SCIWORA (spinal cord injury without radiologic abnormality)
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- occurs most often in pediatric population; range from birth to 16 yrs
a true incidence is probably close to 20% of all pediatric spinal cord injuries
- accounts for up to 30% of severe cervical injuries in children 8 years of age and younger
- 10% in children 9-16 yrs
- children < 8yrs have worse prognosis.
- cervical, thoracic SCI common, lumbar rare.
Direct spinal cord traction
- Longitudinal cord traction
- Root traction/avulsion
Direct spinal cord compression
- Ligamentous bulging
- Reversible disc protrusion
- Transient subluxation of vertebrae
Persistent compression (potentially requires operative intervention)
- Occult fracture with cord compression
- Spinal epidural hematoma
- Persistent disc herniation
- Occult subluxation/instability
Indirect spinal cord injury
- Transmission of externally applied kinetic energy to spinal cord-Spinal cord concussion (SCC)
Mainly due to MVA (motor vehicle accident) or MV – pedestrian accident, fall, or sports injury (football, diving,wrestling, gymnasts).
- Vascular occlusion, dissection, cord infarction
- Hypotension, impaired cord perfusion.
- transverse atlantal ligament injury
- fracture through the cartilaginous end plates (which are not visualized by x-rays), may be among the causes of this injury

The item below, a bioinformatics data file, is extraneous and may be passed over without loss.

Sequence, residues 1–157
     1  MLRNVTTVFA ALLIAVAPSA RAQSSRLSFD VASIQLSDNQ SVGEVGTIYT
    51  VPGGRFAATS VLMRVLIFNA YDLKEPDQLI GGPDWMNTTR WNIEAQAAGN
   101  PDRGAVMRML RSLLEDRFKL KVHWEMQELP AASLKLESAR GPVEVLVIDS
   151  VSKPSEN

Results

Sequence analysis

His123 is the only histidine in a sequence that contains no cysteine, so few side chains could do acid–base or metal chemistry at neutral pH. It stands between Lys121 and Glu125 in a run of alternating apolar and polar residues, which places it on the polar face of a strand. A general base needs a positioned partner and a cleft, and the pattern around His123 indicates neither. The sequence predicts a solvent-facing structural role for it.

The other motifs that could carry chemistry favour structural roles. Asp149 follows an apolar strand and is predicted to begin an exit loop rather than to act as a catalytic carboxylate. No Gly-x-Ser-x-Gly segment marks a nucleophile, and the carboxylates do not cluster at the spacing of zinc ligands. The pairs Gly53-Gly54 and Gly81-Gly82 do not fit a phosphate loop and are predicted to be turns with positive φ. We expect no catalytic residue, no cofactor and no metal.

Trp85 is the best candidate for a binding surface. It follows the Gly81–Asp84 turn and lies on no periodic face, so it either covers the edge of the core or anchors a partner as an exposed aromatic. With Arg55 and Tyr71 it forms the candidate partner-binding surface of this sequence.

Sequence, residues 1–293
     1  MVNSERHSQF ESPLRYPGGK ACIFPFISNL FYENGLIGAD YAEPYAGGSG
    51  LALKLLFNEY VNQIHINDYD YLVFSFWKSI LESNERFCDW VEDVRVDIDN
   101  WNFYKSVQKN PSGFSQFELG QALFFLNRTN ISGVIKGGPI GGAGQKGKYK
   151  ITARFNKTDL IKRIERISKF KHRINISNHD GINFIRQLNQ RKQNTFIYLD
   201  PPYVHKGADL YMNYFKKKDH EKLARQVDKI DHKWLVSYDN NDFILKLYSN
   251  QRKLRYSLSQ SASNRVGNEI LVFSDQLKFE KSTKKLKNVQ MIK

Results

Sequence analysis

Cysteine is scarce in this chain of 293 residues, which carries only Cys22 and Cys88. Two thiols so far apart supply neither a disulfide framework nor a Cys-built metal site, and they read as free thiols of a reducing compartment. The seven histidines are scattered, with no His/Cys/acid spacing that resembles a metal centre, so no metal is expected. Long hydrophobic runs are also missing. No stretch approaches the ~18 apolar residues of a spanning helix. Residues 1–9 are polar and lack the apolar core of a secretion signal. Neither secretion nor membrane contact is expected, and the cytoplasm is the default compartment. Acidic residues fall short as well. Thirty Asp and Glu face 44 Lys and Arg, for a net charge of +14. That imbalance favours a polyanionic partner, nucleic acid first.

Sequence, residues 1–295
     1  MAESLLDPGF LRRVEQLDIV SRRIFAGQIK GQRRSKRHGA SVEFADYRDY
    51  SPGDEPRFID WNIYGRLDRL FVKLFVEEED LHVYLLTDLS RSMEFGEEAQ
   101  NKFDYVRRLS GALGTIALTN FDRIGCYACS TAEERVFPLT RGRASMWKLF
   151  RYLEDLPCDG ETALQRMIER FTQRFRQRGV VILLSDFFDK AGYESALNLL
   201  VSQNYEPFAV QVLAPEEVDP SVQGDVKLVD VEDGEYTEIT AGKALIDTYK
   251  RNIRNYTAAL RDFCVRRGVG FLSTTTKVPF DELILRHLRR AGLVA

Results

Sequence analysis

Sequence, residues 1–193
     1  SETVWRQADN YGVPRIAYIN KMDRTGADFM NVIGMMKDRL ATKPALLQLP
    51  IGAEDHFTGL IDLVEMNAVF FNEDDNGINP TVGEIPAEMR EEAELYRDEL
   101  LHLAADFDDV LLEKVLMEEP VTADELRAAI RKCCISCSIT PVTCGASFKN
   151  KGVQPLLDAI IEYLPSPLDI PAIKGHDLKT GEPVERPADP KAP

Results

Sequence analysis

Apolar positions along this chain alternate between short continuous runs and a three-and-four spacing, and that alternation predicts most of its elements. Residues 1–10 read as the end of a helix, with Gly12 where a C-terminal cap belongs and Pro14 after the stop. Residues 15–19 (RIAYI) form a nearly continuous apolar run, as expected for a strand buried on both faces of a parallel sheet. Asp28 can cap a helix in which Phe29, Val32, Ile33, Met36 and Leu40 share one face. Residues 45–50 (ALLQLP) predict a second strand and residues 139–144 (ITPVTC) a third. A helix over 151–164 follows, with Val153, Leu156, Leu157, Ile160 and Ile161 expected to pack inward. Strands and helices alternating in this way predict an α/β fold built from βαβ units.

unrecognized interspinous ligamentous injury
- in above 2 situations, flexion & extension views taken with pt awake and physician in attendance will demonstrate injury
- adult with acute traumatic disc prolapse
- cervical spondylosis
- C-spine trauma occurs w/ hyperextension injury to spine w/ vertebral canal whose diameter is already comprimised by spondylosis
excessive anterior buckling of ligamentum flavum into canal already compromised by posterior vertebral body osteophytes probably is cause of central cord syndrome:
- motor loss in arms > than in legs, & variable sensory loss
- typically, pts are managed nonsurgically w/ orthosis, & their neurologic status is carefully monitored.
Typical clinical history:
A two and a half year old boy presented to us with 2 day history of paucity of movement of both legs, inability to bear weight on his legs, and inability to pass urine. Previous day in the afternoon he had fallen from a tractor. There was no history of any injury to head, unconsciousness, bleeding from ear nose or throat or any seizures. Child was moving his legs after he fell and there was no deformity of legs or spine. Next day when the child woke up, the parents noted that the child was not moving his legs and was not able to sit without support. There was no history of fever or vomiting, no history of any paucity of movement or weakness in upper limbs or any history suggestive of cranial nerve involvement. There was no breathing difficulty or bowel incontinence. On general examination, there was pallor. There was no evidence of any fracture of limb bones, lacerations or deformity or tenderness over the spine. Neurological examination revealed a conscious child with normal cranial nerves and upper limbs. There was gross hypotonia in the lower limbs, 0/5 power and areflexia. Abdominal reflex, cremasteric, anal reflex were absent. Bladder was palpable and urine could be expressed out on abdominal pressure. There were no meningeal or cerebellar signs.